The Swan   3/5   El Cisne
dir-scr Daniel Chavez Ontiveros
with Sthefany Galante Bautista, Juana Bautista, Claudia Bautista, Amelia Bautista, Patricia Bautista, Marisol Bautista
16/Mexico 22m
bautista
Outlines A fly-on-the-wall doc, this film sometimes feels invasively personal, but has real emotional power. It opens in San Francisco, where Sthefany is a top drag performer with a huge following. Then she announces she is returning to Mexico to visit her family for the first time in six years, after being threatened with violence there. Her sisters are fully supportive, encouraging her to talk openly to her parents about her gender identity. So she does. Her mother takes it in stride, but her father reacts with stunned silence. The camerawork is remarkably intimate, following Sthefany through all of this without blinking. This offers some very intense moments, awkward reactions as well as warm expressions of love and support. And as Sthefany returns to her life in California, the film refuses to overstate its issues. This leaves it feeling a bit thin, even though it's nice to see such an honest glimpse in to this intriguing woman's life.

25.Mar.18 • BFI FLARE

For Nonna Anna   3/5  
dir-scr Luis De Filippis
with Maya Henry, Jacqueline Tarne, Anna Pecchia, Remy Barone
17/Canada 13m
henry and tarne
For Nonna Anna Understated and very odd, this Canadian drama is shot in a quirky square aspect ratio like the home video that reveals its central theme. It's almost like an accidentally shot scene in which the young Christina (Henry) is helping her mother (Pecchia) get Nonna (Tarne) into the bath. But Grandma is so senile that she refuses to take off her clothes. Alone in the house, Christina finds an old video of herself as a young boy (Barone), encouraged by Nonna to dress up as a girl and play. And this gives her an idea about how to get her to strip. All of this is observed rather than told, with only snippets of overheard dialog that leave it somewhat vague. It's almost like it was assembled from found footage, piecing together just enough detail to express the unusual connection between this trans woman and her grandmother. It's lovely, but too loose to carry a proper punch.

25.Mar.18 • BFI FLARE

Sununú: The Revolution of Love   4.5/5  
dir Olivia Crellin
with Fernando Machado, Diane Rodriguez, Rafael Corea, Mariasol Mite
17/UK 25m
rodriguez and machado
Sunun√∫: The Revolution of Love Centred around a likeable young couple in Ecuador, this short doc tells a story that is mainly remarkable for the fact that it probably couldn't have been told a few years ago. It centres on Diane, a high-energy political activist, and her 23-year-old boyfriend Fernando. The twist is that Fernando is pregnant with their first child. Both Diane and Fernando are trans, and Fernando came off his hormones so they could start a family together. Along the way, the film also traces their younger lives, facing discrimination that drove them into sex work before they were able to embrace their identities. But Ecuador is a nation that constitutionally recognises gender identity as a right, and Diane was the first openly trans person to run for political office. The film itself is a bit rough around the edges, but this couple is likeable enough to make it gripping. Diane is such a hilariously feisty presence that we'd like to see a lot more of her. And the film has a strong message about the difference between birth and social genders. So it becomes a call to arms to a new generation with a new perspective.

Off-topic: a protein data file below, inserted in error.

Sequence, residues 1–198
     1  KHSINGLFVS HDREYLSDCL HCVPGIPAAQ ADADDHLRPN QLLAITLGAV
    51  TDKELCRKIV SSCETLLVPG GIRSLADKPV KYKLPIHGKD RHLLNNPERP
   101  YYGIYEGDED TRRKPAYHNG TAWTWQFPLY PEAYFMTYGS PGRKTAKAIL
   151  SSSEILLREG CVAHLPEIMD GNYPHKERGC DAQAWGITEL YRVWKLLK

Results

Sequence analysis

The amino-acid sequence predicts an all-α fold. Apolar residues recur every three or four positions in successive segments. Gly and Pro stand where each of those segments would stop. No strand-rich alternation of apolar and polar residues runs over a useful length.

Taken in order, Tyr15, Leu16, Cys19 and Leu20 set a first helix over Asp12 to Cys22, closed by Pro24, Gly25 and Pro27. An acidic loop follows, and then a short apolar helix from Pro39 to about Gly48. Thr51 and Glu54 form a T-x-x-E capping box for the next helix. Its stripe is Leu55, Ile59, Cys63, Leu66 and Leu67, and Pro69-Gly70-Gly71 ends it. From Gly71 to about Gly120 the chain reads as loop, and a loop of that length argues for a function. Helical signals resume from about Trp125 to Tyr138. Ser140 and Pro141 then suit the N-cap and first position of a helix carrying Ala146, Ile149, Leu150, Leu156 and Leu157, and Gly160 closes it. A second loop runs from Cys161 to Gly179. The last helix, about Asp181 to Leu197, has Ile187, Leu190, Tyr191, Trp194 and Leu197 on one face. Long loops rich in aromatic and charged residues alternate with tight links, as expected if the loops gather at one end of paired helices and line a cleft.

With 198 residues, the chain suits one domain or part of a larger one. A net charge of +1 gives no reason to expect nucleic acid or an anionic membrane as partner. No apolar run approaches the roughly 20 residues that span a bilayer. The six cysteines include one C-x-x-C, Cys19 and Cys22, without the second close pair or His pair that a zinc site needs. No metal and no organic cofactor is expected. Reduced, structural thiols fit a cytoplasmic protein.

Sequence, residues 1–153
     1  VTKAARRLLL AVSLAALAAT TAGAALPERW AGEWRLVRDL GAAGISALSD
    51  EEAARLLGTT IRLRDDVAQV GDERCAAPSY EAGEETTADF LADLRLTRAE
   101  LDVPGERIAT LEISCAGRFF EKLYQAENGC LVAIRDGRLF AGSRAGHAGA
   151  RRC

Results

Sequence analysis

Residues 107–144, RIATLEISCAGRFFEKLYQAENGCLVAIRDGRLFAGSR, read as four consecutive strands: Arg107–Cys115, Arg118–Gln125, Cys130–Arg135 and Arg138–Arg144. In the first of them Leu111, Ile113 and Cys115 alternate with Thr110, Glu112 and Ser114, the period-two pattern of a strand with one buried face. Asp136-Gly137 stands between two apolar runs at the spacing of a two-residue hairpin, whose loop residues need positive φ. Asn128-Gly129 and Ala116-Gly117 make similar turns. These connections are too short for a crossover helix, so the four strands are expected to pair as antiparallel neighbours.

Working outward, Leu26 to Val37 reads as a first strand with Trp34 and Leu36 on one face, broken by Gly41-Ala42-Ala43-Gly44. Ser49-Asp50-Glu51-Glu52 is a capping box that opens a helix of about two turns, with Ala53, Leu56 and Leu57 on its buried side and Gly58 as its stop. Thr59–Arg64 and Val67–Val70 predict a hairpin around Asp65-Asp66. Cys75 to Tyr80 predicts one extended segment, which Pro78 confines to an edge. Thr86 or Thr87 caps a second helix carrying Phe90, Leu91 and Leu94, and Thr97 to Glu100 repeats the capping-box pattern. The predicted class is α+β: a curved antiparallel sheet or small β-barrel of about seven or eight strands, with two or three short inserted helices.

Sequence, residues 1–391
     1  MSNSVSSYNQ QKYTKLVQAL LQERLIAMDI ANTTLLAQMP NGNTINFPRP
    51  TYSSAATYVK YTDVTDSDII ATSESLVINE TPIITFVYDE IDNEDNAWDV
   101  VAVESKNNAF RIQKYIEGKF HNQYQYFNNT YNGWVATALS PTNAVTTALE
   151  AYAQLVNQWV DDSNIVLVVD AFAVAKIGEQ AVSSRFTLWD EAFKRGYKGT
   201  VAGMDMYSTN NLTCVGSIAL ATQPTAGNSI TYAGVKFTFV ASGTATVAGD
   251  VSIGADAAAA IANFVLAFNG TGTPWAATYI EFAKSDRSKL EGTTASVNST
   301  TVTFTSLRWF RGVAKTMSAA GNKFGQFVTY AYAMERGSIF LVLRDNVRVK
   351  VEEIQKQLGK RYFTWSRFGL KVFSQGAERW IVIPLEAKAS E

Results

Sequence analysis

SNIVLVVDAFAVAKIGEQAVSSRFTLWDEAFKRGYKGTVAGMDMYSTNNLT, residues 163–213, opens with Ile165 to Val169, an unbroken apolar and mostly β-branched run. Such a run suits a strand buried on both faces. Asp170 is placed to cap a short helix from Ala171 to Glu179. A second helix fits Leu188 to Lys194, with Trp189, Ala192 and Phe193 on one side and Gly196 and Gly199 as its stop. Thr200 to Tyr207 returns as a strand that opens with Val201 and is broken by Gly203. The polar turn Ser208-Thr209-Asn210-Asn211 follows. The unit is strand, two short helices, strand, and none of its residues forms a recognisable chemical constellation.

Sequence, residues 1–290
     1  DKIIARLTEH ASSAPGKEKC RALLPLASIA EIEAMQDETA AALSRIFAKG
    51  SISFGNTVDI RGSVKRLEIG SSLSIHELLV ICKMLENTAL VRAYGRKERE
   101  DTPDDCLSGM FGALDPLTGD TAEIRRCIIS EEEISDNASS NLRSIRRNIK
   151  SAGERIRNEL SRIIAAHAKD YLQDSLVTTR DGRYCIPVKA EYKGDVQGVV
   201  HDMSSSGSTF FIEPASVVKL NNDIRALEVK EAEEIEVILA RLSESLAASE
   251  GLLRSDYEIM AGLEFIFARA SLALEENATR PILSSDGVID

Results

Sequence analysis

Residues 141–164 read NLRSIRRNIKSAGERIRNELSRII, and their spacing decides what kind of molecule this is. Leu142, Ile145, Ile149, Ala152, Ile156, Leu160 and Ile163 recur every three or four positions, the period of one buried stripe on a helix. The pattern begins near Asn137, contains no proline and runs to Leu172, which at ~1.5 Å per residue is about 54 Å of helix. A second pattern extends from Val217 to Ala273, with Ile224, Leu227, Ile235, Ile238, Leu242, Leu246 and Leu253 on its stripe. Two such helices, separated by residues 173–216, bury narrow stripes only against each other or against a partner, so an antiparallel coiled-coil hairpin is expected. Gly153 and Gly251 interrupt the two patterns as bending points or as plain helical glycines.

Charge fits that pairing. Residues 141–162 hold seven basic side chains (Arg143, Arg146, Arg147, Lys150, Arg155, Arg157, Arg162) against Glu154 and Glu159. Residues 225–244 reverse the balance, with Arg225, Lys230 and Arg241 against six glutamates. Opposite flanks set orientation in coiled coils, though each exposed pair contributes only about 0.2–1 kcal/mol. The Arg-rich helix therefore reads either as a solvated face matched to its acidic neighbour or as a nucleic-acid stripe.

25.Mar.18 • IRIS PRIZEBFI FLARE

Nights of Glory   3.5/5  
dir Isabel Freeman
with John Sizzle, Johnny Woo, Colin Rothbart, Zoe Argiros, Jack Cullen, Laurie Lloyd
17/UK 16m
Nights of Glory
Nights of Glory This scruffy little doc explores life at the colourful queer pub The Glory in Shoreditch, as the hilariously laid back owners discuss ideas for club nights ("How about a straight night with a rock band?"). Meanwhile, drag queens are getting themselves ready for an epic contest. The film flits around between the owners, bar staff and contestants, each of whom brings a distinct perspective to the venue with his or her opinions, observations and anecdotes. There's an amusing scene in which the owners discuss the contestants' colourful drag names, and the film also includes quite a bit of their performances. The film may not say much about running a gay venue, programming a night of entertainment or getting up on stage to express your inner diva. But it reveals a terrific sense of community in this lively bar on a far edge of Central London. And it kind of makes you wish you had a place like this to hang out and just be yourself.

25.Mar.18 • BFI FLARE


back to the top send shadows your reviews!

< <   S H O R T S   > >
See also: SHADOWS FILM FESTIVAL

© 2018 by Rich Cline, Shadows on the Wall
HOME | REVIEWS | NEWS | FESTIVAL | AWARDS | Q&A | ABOUT | TALKBACK